What begins with aesthetics and the sense of self-expression, continues to a lack of ownership of the computing experience and ends in the passive acceptance of systems we don’t control.

Changes happen, but those are independent from the users’ wishes, and it’s a lottery whether the changes are for better or for worse.

Ever notice how version changes are called “updates” and not “upgrades” anymore?

In that regard, I think Dark Mode is a welcome addition as it allows a tiny bit of control and self-expression to the user, but it’s still kinda sad to see how far we regressed overall.

The hype around it, and how excited users get when they get such crumbles of configurability handed to them, just comes to show how users are unused to getting any degree of control back in their hands.

🔗 Writing release announcement emails

Mailing lists are not exactly fashionable nowadays, but some of them remain relevant for some communities. The Lua community is one such example. As of 2017, a lot of what goes on in the Lua module development world still resonates in lua-l. With over 2500 subscribers, it’s a good way to kickstart interest in your new project.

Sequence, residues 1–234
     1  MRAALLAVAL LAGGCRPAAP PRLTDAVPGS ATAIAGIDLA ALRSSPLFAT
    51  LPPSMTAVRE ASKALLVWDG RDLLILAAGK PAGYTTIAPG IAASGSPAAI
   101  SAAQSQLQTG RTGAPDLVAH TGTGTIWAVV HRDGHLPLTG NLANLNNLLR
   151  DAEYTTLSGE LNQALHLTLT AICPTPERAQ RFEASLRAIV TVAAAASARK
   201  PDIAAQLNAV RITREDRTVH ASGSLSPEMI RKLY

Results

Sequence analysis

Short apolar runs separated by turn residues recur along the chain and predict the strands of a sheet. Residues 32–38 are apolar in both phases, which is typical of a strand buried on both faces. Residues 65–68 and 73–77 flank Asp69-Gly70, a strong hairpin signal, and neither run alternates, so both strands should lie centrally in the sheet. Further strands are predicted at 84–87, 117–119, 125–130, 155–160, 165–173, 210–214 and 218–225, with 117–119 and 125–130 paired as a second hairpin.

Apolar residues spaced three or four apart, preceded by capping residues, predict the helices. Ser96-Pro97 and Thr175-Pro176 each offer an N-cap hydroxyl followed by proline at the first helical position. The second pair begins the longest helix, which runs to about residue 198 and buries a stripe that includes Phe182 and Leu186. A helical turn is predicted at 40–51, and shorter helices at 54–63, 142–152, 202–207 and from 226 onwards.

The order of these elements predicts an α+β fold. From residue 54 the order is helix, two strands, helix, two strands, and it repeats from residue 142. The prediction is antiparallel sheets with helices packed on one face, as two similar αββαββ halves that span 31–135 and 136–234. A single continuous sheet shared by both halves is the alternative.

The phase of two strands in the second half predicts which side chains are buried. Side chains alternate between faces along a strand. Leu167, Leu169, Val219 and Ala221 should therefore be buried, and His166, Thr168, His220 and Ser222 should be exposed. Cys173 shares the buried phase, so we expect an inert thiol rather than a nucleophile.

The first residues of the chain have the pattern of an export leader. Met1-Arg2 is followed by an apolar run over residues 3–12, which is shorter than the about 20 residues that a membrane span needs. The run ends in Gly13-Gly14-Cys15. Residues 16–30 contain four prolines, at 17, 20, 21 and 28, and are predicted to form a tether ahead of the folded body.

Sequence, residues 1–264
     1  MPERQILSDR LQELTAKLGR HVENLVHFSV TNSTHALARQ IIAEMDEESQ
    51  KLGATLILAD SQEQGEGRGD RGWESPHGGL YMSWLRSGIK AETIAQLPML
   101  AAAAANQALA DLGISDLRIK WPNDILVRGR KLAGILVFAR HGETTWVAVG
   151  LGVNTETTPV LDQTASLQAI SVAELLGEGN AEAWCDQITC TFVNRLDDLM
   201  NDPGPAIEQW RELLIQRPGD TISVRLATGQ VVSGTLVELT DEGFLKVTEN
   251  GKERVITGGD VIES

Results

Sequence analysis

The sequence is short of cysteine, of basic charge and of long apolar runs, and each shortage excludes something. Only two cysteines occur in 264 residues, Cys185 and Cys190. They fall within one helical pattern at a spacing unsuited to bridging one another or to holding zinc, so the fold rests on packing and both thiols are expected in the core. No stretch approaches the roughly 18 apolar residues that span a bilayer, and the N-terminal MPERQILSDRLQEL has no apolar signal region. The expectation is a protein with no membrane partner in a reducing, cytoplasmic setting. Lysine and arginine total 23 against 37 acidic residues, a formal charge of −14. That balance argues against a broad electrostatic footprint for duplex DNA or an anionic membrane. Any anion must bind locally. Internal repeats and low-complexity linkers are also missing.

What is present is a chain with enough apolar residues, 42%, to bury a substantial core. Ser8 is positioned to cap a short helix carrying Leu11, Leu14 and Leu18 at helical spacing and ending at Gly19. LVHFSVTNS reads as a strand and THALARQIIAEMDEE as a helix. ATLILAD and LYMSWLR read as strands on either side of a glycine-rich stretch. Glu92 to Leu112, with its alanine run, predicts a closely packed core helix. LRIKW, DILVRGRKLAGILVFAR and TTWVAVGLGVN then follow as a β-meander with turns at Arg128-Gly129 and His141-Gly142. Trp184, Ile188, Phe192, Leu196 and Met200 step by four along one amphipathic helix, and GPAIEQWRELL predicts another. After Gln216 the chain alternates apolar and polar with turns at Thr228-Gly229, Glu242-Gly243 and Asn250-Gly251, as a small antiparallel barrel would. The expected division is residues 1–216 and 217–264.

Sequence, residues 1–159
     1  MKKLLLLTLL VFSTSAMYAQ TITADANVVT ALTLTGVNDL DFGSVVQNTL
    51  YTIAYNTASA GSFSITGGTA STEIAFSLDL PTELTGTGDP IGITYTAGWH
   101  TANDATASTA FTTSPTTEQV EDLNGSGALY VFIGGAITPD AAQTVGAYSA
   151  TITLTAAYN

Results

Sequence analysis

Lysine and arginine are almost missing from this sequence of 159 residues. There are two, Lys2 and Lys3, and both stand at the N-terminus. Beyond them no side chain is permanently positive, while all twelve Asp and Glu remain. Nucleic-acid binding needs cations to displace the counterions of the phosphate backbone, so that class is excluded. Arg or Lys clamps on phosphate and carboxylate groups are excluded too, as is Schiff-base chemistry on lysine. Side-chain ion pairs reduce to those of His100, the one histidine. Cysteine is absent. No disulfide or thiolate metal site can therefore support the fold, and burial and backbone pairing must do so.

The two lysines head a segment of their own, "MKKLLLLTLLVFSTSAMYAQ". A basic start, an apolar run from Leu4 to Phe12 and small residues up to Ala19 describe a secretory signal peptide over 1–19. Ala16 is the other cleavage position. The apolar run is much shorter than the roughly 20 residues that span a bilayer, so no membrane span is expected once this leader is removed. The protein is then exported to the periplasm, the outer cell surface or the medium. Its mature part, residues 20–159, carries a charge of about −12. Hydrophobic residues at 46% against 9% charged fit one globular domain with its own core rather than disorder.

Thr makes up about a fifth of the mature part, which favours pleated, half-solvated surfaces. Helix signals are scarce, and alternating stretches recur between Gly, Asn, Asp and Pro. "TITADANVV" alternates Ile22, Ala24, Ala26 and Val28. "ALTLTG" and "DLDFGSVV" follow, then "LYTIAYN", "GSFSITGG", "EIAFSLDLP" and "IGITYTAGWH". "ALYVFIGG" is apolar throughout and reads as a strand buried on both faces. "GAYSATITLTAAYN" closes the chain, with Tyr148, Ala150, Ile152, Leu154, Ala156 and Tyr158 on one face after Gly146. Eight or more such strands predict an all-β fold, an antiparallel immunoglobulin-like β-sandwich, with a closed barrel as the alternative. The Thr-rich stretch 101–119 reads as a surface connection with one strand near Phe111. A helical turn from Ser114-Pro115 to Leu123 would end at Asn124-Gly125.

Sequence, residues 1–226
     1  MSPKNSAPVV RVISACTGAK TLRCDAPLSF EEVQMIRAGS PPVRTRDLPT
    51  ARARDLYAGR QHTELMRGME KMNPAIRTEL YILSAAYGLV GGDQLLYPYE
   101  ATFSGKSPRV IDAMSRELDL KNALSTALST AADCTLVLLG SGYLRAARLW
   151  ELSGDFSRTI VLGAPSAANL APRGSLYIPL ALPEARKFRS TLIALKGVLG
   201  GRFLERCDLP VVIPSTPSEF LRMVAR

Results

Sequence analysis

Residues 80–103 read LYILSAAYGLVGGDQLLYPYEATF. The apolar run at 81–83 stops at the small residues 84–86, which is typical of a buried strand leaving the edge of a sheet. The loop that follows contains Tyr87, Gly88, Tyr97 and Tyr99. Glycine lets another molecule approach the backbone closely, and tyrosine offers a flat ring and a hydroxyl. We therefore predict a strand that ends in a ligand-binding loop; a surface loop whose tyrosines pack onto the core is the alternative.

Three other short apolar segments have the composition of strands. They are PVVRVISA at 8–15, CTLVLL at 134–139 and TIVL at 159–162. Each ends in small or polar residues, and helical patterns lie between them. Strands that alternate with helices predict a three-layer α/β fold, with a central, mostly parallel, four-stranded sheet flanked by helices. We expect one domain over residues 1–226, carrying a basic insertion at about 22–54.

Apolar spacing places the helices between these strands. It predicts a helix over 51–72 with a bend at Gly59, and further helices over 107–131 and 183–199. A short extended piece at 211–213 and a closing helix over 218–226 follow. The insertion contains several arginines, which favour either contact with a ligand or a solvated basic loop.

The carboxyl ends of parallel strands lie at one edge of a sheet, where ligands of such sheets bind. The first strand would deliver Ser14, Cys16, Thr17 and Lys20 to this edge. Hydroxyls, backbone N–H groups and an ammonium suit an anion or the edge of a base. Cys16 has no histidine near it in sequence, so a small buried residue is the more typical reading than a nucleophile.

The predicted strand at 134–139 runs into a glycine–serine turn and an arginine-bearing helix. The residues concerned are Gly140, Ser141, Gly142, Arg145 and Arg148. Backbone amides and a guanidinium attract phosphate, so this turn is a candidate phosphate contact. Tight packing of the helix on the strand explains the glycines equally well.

Mailing list users tend to be somewhat pedantic about etiquette guidelines for posting, especially for announcements and the like. So, I usually follow this little formula for writing release announcement emails, which has been effective for me:

  • Email subject - this is important; I use a format like “[ANN] MyProject x.y”
  • Summary - The first paragraph explains what is the project
  • Links and installation - Then a link to the project website, and a one-liner instruction of how to install it (that is, the incantation for the appropriate package manager — in the case of Lua, luarocks install myproject). More detailed instructions and documentation should be available from the project website.
  • Description - Finally, a more detailed description:
    • If the announcement is for a new version of an existing project that was previously announced on the list, I include a summarized changelog, essentially “What’s new in version x.y:”